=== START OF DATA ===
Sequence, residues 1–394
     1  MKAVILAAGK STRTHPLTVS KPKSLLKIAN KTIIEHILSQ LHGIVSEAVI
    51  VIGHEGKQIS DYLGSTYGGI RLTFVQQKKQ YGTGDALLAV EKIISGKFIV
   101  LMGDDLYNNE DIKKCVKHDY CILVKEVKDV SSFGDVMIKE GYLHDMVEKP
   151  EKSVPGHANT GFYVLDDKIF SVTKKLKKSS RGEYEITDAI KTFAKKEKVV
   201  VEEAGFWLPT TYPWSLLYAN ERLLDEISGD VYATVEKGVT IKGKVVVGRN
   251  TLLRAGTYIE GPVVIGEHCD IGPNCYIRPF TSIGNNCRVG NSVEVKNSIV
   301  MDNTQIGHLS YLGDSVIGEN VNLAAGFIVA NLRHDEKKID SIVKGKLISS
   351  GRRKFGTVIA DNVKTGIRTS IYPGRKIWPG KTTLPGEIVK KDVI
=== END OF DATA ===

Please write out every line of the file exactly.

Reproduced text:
Sequence, residues 1–394
     1  MKAVILAAGK STRTHPLTVS KPKSLLKIAN KTIIEHILSQ LHGIVSEAVI
    51  VIGHEGKQIS DYLGSTYGGI RLTFVQQKKQ YGTGDALLAV EKIISGKFIV
   101  LMGDDLYNNE DIKKCVKHDY CILVKEVKDV SSFGDVMIKE GYLHDMVEKP
   151  EKSVPGHANT GFYVLDDKIF SVTKKLKKSS RGEYEITDAI KTFAKKEKVV
   201  VEEAGFWLPT TYPWSLLYAN ERLLDEISGD VYATVEKGVT IKGKVVVGRN
   251  TLLRAGTYIE GPVVIGEHCD IGPNCYIRPF TSIGNNCRVG NSVEVKNSIV
   301  MDNTQIGHLS YLGDSVIGEN VNLAAGFIVA NLRHDEKKID SIVKGKLISS
   351  GRRKFGTVIA DNVKTGIRTS IYPGRKIWPG KTTLPGEIVK KDVI